The biology of the foreign grain beetle is not well known. It breeds quickly, completing its cycle from egg to adult in as little as 30 days. It requires moist conditions and develops only when the relative humidity is above 65%. Huge populations are not uncommon under optimum conditions. In such situations, thousands of beetles are forced out of the breeding source in search of fresh media. Many homeowners are introduced to this beetle when purchasing a new home that’s only one or two years old. As a home is being constructed, rain and moisture inevitably fall onto exposed beams prior to the roof and walls being added. If enough moisture has accumulated on the wood, surface fungi may grow on the studs inside the walls. Foreign grain beetles will then enter the walls of homes from the outside and begin feeding and breeding on these surface fungi. After a period of many months to more than one year, the population of these beetles within the walls grows large. Beetles then begin to emerge by the hundreds from under baseboards, from behind electric outlets and from around light fixtures in ceilings. Larvae may also be found on floors near baseboards where adult beetles are found. As strong fliers, the tiny foreign grain beetles spread to all rooms of the house. Initially, only a few beetles may be seen, but when hundreds begin to emerge, homeowners may become annoyed and even panic-stricken and will call a pest management professional for help. Fortunately, the fungi in the walls are not damaging to the wood. It dies after the wood finally dries out, but one to three years may pass before this occurs. The foreign grain beetles also die; however, treatments may be needed in those situations where large numbers are being seen. This same phenomenon may also be encountered in older buildings or other buildings where poor ventilation, water leaks or poor drainage create conditions promoting fungal and mold growth.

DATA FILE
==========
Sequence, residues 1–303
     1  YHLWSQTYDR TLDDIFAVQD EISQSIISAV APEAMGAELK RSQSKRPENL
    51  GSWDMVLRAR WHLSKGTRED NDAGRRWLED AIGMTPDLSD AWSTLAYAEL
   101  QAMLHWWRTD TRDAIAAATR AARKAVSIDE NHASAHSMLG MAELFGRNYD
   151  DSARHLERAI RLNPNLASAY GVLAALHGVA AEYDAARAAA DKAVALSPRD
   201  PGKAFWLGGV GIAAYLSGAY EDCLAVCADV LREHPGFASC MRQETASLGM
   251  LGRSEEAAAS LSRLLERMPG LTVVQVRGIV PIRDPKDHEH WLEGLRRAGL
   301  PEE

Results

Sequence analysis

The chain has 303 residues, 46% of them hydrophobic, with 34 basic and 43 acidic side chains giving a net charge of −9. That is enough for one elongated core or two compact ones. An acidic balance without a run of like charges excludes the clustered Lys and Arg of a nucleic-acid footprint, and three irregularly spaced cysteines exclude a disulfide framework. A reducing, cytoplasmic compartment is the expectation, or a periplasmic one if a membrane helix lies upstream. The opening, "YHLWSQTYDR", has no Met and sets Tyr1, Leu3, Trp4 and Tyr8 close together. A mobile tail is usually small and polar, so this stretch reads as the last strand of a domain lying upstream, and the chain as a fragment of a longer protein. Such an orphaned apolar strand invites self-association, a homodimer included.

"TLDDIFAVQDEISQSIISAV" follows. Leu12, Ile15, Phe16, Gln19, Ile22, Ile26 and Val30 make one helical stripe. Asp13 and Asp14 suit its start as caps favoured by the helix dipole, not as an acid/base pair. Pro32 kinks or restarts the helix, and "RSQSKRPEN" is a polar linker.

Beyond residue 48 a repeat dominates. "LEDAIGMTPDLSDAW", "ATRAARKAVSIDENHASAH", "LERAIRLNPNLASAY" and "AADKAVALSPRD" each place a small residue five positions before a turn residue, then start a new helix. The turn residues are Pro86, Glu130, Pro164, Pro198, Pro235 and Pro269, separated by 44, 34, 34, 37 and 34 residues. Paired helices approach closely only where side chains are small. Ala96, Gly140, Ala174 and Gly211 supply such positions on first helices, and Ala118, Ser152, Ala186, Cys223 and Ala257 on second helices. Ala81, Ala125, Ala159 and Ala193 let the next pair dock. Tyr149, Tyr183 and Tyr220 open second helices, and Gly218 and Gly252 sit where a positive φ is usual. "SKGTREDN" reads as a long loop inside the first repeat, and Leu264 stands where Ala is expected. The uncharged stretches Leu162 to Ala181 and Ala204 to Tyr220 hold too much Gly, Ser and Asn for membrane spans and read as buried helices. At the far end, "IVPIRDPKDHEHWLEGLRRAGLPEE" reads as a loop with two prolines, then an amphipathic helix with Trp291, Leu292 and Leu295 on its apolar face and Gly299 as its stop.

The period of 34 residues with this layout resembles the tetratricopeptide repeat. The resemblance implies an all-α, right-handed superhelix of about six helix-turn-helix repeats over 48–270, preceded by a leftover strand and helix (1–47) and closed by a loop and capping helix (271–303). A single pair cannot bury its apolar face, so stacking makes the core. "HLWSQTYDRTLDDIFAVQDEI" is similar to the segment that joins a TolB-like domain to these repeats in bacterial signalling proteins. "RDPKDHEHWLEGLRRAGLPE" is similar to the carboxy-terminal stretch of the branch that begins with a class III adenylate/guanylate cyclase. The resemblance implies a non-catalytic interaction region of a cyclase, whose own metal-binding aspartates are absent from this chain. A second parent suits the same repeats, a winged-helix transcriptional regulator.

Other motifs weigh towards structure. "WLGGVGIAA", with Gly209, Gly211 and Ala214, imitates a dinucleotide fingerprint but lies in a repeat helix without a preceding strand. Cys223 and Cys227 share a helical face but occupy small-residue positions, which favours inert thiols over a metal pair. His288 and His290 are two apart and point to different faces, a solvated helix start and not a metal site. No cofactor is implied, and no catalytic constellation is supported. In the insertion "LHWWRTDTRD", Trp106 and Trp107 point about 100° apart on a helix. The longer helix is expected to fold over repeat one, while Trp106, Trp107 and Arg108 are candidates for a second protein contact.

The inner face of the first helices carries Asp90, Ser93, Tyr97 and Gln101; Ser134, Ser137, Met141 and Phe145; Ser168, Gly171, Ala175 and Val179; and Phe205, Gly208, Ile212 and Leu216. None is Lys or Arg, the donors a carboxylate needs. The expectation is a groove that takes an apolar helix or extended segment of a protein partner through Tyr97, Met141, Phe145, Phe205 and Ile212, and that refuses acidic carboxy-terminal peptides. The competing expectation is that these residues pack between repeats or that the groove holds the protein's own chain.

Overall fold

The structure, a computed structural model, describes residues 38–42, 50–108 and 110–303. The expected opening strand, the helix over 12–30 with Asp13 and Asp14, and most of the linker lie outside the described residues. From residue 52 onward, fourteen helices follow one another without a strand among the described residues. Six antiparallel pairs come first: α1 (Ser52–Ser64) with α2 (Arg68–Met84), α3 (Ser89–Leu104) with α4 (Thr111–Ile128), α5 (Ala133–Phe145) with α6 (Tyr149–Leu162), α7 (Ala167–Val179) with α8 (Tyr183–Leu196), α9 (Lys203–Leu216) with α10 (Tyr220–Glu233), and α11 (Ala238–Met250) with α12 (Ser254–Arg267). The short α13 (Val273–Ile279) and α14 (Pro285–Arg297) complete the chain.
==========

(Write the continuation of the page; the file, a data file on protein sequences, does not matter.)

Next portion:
A worldwide pest, foreign grain beetles are fungus feeders and are even capable of surviving on pure mold cultures. As a food pest, it is not a great economic concern because it only attacks grain products that are moist, moldy and out-of-condition. Food products attacked include cereal grains, flours, beans, dates, figs, biscuits, yams, tobacco, cocoa, groundnuts, copra and palm kernels.
The control of the foreign grain beetle involves many steps, primary of which is discovery of infested food items or other sources of infestation (e.g., moist areas). This beetle is almost always found to be a pest in newer homes only. When found in older homes, the source is most likely water leaks or other moist conditions that are supporting fungus growth. For example, they may live in a poorly ventilated attic or crawlspace. The beetle infestation will subside once the moist conditions are addressed and dried out. In new homes, however, time will be needed for the moisture to eventually evaporate, sometimes lasting two or more years after construction. In the meantime, homeowners plagued by large numbers of beetles should contact a pest management professional for assistance.